Westpac to introduce tough rules for lending to SMSFs

Westpac to introduce tough rules for lending to SMSFs
Westpac to introduce tough rules for lending to SMSFs

After interest rate hikes for investors, Westpac has now turned its attention to self-managed superannuation funds with likely changes including halving the maximum interest-only repayment term from 10 years to five.

SMSF property investors will be slugged with tougher rates, policies and processes in the lead up to this weekend's changes to caps on tax concessions being imposed by the federal government, The Australian Financial Review reported.

Westpac subsidiaries Bank of Melbourne, BankSA, St George, are also increasing mortgage rates for interest-only property buyers.

"This will help us meet our regulatory requirements and apply responsible lending practices in assessing a customer's ability to pay," a bank spokesman told the AFR.

Also, for a loan application, there has to be a minimum SMSF balance of $200,000.

"There are no exceptions to this requirement," the bank is warning clients.

SMSF trustees will also have to complete a new statutory declaration stating that customers have sought independent financial and legal advice when applying for an SMSF loan.

There are about 570,000 funds with about $654 billion under management and 1.1 million members, according to the AFR.

Borrowing – or gearing – for property by SMSFs has always been a debated issue because too much exposure to property could be a disaster in the event of a housing market crash.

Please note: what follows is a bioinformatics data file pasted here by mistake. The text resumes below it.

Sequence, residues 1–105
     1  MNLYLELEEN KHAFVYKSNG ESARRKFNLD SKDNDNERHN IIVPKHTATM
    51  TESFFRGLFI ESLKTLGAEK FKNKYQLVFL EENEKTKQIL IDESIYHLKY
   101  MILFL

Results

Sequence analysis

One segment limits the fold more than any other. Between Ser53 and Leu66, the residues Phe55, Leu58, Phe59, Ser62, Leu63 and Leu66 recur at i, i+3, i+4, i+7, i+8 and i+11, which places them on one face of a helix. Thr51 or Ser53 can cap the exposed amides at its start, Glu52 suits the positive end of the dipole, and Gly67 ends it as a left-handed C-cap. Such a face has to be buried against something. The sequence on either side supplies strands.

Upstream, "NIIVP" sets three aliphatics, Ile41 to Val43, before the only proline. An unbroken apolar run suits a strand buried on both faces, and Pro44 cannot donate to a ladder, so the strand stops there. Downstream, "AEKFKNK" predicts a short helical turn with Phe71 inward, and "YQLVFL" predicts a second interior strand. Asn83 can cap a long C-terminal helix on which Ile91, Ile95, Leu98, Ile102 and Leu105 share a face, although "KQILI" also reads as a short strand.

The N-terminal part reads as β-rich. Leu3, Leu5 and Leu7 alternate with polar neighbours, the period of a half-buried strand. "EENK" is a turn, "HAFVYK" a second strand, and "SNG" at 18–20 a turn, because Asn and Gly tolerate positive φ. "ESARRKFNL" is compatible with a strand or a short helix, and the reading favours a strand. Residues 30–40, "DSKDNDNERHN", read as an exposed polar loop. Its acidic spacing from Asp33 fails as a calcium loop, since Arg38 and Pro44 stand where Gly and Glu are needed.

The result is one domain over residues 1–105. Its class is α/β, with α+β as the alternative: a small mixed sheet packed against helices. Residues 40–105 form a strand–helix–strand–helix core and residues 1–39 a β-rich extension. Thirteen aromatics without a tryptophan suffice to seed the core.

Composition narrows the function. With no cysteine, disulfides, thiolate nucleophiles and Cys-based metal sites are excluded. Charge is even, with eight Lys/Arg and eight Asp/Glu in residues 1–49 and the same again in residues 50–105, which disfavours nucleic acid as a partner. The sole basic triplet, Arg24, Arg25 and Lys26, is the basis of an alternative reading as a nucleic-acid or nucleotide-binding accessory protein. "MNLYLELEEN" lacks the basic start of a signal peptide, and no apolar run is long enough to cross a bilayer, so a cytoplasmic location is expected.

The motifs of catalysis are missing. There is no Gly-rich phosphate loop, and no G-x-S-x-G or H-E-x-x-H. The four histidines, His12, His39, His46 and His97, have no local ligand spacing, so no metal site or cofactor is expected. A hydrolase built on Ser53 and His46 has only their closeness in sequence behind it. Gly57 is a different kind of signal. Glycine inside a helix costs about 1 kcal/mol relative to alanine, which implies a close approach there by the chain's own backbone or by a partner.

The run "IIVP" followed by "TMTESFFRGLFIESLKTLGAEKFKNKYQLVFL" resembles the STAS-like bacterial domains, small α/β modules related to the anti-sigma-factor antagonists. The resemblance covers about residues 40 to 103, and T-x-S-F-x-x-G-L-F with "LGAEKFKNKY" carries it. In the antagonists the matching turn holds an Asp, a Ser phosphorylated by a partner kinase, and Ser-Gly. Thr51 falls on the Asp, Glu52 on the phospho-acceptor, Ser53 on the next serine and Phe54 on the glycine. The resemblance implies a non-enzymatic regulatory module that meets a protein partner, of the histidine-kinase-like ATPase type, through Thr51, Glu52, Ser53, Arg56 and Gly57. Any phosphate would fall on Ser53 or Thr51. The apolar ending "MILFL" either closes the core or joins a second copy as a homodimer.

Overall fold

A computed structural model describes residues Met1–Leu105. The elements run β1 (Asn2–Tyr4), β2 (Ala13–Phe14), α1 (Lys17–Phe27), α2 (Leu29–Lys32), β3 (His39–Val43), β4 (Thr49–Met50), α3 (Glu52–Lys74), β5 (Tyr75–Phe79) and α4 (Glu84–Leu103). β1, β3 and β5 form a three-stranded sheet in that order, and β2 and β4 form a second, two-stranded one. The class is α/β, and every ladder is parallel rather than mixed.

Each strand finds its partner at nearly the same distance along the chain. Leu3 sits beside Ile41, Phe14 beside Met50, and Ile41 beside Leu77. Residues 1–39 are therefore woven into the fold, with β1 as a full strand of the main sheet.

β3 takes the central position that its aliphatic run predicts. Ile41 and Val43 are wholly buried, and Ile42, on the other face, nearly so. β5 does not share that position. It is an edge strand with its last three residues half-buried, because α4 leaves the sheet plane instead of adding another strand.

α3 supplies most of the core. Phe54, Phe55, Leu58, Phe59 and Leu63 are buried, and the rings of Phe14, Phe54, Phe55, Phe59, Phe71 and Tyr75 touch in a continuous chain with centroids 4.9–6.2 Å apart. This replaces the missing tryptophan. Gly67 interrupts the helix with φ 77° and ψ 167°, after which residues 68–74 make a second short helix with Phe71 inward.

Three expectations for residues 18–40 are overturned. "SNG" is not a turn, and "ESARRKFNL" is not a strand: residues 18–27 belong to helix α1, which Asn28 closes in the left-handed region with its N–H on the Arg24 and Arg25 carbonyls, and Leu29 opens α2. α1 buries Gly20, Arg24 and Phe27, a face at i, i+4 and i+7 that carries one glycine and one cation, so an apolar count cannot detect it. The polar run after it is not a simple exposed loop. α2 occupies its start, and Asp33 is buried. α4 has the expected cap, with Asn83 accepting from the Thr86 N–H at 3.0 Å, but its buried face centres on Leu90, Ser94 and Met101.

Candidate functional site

A 2014 Financial Systems inquiry recommended that SMSF borrowing should cease.

Real property within SMSFs grew from $15 billion in 2003-04 to more than $100 billion by the end of last year, statistics from the Australian Taxation Office show.

Westpac changes, which are expected to be followed by other major lenders, will be imposed as the federal government introduces changes to concessional and non-concessional caps are introduced this Saturday.

That means the use of limited recourse borrowing arrangements will be included in a member's total superannuation and $1.6 million transfer balance cap calculations.

Lenders face higher risk with a limited recourse loan because it is debt in which the creditor has limited claims if a default occurs.

A typical SMSF property investor will pay about 5.85 per cent for a loan, which is about 135 basis points higher than for an investor loan outside a fund.

Over a 25-year term a borrower would make additional repayments of more than $270,000, assuming rates remained constant, according to analysis by Canstar.

Several other lenders have already restricted access to interest-only loans for SMSF by either no longer offering them or imposing strict loan-to-value ratios.

SMSF investors continue to increase exposure to listed trusts and other managed investments, latest analysis by the ATO shows.

For example, more than $207 billion is held in listed trusts compared to about $14 billion in 2012 as the global economy struggled to recover from the global financial crisis.

During that time cash and term deposits have fallen from about $134 billion to $28 billion.

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